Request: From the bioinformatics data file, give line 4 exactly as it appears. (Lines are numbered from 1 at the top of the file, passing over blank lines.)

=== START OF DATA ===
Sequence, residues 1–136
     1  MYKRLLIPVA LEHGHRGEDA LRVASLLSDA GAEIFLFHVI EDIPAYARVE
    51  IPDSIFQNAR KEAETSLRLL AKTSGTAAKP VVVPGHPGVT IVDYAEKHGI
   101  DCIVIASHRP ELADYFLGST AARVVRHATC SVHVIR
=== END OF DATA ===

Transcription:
   101  DCIVIASHRP ELADYFLGST AARVVRHATC SVHVIR